Kathryn Zyla is Program Director, Northeast Policy, for Energy Foundation, where she develops and funds regional and state strategies to achieve climate and clean-energy policy goals. In this work, she engages with policy experts, utilities, clean technology industries, policymakers, funding partners, grantees, allies, opinion leaders, and other stakeholders. In addition to being part of Energy Foundation’s Policy Program, she is a member of the States and Regions Team, a cross-program team that brings together campaign, policy, and communications experts focused on making progress in the states.

Professor Zyla joined Energy Foundation from the Georgetown Climate Center, where she was the Deputy Director overseeing staff research and policy analysis and facilitating multi-state dialogues on issues such as multi-state emissions trading approaches and low-carbon transportation policies, and more. Her own research has included state and federal renewable energy policies, public utility regulation relating to clean energy and electric vehicles, legal considerations related to the deployment of microgrids, market-based policies to reduce greenhouse gas emissions in the transportation sector, and opportunities to link stand-alone emissions programs.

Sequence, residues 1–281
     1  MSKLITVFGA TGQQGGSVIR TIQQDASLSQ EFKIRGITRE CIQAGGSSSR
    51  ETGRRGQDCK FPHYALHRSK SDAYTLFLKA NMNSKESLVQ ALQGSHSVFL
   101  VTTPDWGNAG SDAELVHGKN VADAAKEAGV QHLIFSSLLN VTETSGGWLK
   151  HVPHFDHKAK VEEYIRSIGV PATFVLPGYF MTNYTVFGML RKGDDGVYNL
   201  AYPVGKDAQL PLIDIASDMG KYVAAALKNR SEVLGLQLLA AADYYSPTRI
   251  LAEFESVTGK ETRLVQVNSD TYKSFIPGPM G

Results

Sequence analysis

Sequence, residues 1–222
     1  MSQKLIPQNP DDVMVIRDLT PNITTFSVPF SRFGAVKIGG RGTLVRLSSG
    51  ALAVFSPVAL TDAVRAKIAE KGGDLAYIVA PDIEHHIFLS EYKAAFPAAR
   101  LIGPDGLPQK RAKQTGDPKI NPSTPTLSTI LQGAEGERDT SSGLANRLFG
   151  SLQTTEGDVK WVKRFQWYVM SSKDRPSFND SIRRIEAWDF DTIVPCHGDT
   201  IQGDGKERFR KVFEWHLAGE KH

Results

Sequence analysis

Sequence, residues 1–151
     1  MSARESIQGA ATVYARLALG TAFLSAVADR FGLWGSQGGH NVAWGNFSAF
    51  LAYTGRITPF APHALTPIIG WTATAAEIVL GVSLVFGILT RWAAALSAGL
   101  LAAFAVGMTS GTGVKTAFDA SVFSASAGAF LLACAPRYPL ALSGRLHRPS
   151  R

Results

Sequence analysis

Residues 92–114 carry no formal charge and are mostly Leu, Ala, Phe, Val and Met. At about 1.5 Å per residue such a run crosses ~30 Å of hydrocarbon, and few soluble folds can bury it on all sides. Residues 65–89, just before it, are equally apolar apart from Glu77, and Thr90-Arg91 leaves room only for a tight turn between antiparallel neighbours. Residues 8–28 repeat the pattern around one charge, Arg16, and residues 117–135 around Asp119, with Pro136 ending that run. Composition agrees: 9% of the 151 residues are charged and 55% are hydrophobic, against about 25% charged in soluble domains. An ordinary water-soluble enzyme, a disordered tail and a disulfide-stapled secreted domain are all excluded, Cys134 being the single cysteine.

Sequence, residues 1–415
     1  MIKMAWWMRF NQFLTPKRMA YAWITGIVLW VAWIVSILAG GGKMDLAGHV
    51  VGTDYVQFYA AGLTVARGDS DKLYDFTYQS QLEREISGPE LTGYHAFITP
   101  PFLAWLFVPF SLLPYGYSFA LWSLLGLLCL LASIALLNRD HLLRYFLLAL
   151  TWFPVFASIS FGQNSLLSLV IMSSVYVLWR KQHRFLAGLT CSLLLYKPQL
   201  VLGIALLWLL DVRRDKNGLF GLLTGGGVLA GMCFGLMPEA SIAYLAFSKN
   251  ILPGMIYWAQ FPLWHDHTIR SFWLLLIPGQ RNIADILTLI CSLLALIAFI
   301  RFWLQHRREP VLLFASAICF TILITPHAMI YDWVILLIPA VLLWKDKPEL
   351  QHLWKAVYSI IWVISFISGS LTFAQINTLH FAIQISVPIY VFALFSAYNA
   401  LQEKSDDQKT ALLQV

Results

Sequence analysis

Professor Zyla previously served as Director of Research and Policy Analysis for the Georgetown Climate Center, as Senior Associate in the Climate and Energy Program at the World Resources Institute, and as Senior Research Fellow for Domestic Policy at the Pew Center on Global Climate Change. She holds a B.S. degree in Engineering from Swarthmore College, a Master of Environmental Management from the Yale School of Forestry and Environmental Studies, and a Juris Doctor, cum laude, from Georgetown Law. In 2016, Professor Zyla received the Clean Energy Education and Empowerment (C3E) Law and Finance Award, given by the Department of Energy in collaboration with the MIT Energy Initiative and the Stanford Precourt Institute for Energy. In 2017, she was sworn in as a Commissioner on the District of Columbia’s new Commission on Climate Change and Resiliency.